The student news site of Eastern Illinois University in Charleston, Illinois.

The Daily Eastern News

The student news site of Eastern Illinois University in Charleston, Illinois.

The Daily Eastern News

The student news site of Eastern Illinois University in Charleston, Illinois.

The Daily Eastern News

STAFF PICKS: Hardest position in baseball

Daily Eastern News “Staff Picks”
Daily Eastern News “Staff Picks”

The Sports Staff shared what they think the hardest position in baseball is.


Zaria Flippin (Head Sports Editor): Shortstop

I would say shortstop is the hardest position in baseball.

To be a shortstop, you have to be super quick, and you need to see practically everything that’s going on in the midfield.

If I played baseball or softball, I’ve always wanted to be the shortstop if I had the option because it feels like the shortstop has the most power to change the game in the infield.

I think one of the most important things a shortstop must do is make quick decisions. Sometimes, when the win is on the line and the only thing between a win and a loss is a double play, the shortstop has to be quick enough and smart enough to know when and where to throw the ball to successfully make a double play.


Luther Yoder (Assistant Sports Editor): Catcher

I believe that the hardest position in baseball is catcher.

A catcher has to do a lot during the game. They call the pitches, block bad pitches and have to throw out runners trying to steal bases.

In baseball, wins above replacement is used to determine how good a player is at their position compared to a replacement player. Fielding is taken into account in this stat, and, according to Fangraphs, catchers are given 12.5 fielding runs, which is the most of all the positions.

Fangraphs does this for their version of WAR, called fWAR, because they believe that it is harder to play catcher than it is to play another position. In comparison, shortstops get 7.5 fielding runs, and an easier position like first base gets negative 12.5 fielding runs.


Patrick Schmitz (Sports Reporter): Catcher

The hardest position in baseball must be the catcher because they have to do more than any other player.

The catcher is in charge of everything behind the plate and making sure the ball never gets away from them. Most catchers also tell the pitcher exactly what to pitch to throw and where to throw it.

The catcher also must ensure no one is stealing, and they get no breaks while playing defense, unlike most positions.

Overall, with how much that goes into playing catcher, that is the hardest position in baseball.  


Gabe Newman (Sports Reporter): Catcher

The catcher position is not only the hardest position to play in baseball, but it’s in the conversation for the hardest position to play in all of sports.

As a catcher, you have so many more responsibilities than anyone else on the field. You need to call pitches (or relay them to the pitcher from the dugout), receive and frame pitches, block bad pitches from getting to the backstop and captain the entire defense.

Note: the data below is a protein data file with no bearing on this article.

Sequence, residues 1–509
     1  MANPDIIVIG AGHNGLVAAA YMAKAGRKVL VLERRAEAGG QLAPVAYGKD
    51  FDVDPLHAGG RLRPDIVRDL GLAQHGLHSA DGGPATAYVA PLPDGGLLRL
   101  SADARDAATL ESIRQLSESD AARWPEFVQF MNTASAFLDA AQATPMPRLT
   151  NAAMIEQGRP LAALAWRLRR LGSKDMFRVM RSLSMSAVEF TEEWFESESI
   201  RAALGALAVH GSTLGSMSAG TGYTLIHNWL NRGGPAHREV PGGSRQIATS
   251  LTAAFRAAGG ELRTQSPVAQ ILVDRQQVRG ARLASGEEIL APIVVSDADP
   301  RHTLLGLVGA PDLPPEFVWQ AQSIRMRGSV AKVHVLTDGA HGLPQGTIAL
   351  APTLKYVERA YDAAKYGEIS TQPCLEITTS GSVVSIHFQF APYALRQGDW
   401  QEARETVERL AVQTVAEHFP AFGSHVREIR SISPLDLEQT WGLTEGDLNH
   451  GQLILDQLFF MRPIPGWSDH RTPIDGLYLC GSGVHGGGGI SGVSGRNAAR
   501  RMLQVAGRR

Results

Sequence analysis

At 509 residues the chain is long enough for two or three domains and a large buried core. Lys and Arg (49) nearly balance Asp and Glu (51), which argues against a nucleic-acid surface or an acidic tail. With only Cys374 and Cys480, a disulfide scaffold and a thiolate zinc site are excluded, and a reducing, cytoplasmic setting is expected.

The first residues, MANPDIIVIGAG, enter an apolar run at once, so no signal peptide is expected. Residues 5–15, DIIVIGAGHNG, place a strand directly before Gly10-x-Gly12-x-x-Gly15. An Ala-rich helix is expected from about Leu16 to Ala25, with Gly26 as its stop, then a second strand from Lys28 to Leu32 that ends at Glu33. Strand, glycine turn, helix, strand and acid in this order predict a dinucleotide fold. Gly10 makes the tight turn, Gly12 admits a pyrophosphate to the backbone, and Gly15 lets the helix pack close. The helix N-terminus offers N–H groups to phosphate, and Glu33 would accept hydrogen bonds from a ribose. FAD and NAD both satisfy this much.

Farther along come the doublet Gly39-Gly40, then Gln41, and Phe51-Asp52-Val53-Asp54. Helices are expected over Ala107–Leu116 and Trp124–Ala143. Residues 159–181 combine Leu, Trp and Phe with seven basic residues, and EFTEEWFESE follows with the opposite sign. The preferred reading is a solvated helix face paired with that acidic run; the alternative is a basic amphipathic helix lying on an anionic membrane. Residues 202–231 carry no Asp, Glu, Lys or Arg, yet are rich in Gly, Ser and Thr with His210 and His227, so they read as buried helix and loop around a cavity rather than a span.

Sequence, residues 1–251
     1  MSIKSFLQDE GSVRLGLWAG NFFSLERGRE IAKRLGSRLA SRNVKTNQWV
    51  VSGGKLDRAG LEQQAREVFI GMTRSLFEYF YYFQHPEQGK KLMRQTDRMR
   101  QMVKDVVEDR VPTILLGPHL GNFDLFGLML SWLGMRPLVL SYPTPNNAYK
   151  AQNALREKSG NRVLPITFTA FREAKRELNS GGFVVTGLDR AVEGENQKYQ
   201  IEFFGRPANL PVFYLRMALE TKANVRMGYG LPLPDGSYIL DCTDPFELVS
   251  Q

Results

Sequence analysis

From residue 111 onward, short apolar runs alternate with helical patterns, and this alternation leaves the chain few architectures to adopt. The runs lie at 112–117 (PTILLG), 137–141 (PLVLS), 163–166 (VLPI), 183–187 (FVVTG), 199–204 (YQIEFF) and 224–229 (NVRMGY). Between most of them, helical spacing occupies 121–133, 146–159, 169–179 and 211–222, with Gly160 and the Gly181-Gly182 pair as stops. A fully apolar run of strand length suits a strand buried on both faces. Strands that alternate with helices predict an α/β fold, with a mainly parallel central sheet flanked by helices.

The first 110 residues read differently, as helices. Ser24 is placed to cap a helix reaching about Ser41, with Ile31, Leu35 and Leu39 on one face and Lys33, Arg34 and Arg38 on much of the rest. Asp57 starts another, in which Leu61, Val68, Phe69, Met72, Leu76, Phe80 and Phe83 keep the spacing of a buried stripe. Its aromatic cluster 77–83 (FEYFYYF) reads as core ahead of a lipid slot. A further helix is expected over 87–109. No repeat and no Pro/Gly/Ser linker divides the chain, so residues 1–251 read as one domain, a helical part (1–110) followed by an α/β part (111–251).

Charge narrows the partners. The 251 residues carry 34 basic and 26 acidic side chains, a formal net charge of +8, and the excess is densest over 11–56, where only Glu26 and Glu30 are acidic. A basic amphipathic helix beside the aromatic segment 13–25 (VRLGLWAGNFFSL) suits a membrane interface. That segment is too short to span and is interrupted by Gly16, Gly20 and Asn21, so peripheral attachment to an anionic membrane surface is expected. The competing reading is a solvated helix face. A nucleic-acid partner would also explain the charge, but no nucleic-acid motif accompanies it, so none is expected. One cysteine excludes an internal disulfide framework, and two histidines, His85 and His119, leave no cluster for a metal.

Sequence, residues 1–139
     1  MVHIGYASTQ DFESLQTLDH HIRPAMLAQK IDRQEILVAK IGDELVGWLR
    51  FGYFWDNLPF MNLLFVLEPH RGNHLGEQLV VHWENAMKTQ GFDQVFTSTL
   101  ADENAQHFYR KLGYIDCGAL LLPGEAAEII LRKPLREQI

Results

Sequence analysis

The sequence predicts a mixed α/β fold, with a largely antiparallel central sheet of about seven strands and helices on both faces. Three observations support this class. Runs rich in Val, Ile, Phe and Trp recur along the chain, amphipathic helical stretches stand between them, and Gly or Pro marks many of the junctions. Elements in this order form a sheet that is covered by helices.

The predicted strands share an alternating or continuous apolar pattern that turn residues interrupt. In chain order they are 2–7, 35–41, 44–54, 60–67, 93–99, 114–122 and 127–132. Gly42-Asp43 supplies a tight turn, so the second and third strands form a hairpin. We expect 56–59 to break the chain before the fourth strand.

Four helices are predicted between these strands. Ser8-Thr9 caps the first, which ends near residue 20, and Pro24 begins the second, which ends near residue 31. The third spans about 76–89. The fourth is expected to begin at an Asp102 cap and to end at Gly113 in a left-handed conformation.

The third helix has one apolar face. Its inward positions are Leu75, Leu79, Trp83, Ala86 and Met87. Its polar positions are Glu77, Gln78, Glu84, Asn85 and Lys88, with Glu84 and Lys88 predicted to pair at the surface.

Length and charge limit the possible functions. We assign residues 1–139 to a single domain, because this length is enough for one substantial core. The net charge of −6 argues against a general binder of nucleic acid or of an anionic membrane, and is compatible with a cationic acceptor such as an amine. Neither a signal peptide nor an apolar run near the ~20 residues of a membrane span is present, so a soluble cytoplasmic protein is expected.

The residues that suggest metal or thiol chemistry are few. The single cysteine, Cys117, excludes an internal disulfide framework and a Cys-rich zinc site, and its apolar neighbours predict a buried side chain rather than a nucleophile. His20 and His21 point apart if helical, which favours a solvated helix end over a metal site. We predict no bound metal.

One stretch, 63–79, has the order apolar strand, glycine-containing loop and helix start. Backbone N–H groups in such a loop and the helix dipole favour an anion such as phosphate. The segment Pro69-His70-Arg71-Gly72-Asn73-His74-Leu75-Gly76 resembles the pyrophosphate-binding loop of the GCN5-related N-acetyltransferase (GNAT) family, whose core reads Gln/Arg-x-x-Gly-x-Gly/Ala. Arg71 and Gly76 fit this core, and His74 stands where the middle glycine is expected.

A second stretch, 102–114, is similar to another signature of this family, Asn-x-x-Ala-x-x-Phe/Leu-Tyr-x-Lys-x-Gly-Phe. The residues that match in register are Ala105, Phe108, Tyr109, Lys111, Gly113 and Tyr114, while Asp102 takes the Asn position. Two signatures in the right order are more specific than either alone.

To be a catcher, you must be both physically and mentally locked in for every pitch, which isn’t necessarily true for any other position in baseball.


Aidan Cusack (Sports Reporter): Catcher

Hitting a baseball is hard, especially at the collegiate level. The ball is coming in at roughly 89 mph on average; For context, a cheetah tops out at 70 mph. 

Batters must make literal split-second decisions while they are at the plate. Luckily for them, they only come up to bat two or three times a game.  

Catchers, on the other hand, have to be at the plate all game. They must catch these 89 mph balls that, mind you, do not always go where they are supposed to. 

Catchers are tasked with framing most pitches thrown. Framing is when a catcher grabs an errant throw in such a way that the umpire might call it a strike.  

Controlling the strike zone as a catcher is essential to baseball teams, especially if pitching is suspect. That is why catching is the hardest position in baseball. 

Also, don’t even get me started on squatting for three hours during a game. 


Payton Liggins (Sports Reporter): Pitcher

I believe being a pitcher is the hardest position in baseball.

With being the pitcher, you have to adapt easily if you have a right or left handed batter. Pitchers have to deliver pitches quickly, which calls for extraordinary stamina, strength and accuracy.

Pitchers are also particularly prone to injuries because of the repetitive nature of throwing, which can cause serious wear and tear on the arm, especially the elbow and shoulder. Pitchers frequently find themselves in high-stress scenarios where they have to make accurate pitches to keep the other team from scoring, like bases loaded with no outs.

Furthermore, a pitcher’s job is distinct since their performance has a big impact on how the game turns out.

Pitchers can directly contribute to runs scored by the opposition by throwing errors, which can be offset by teammates in other positions.


Chloe Proffitt (Sports Reporter): Pitcher

In my opinion, pitching is the hardest position.

To start, it is very taxing on the shoulders and arms making it super easy for wear and tear, which puts them at a high risk for injury.

There are also a lot of technical skills that go into being a pitcher.

They must master a vast variety of different pitches, such as a fastball, curveball, slider or changeup.

They also must not only have a good physical game but also mental game. They essentially control the game when the other team is at bat, and they must invoke a lot of confidence on the mound as well. 


The Sports Staff can be reached at 581-2812 or at [email protected].

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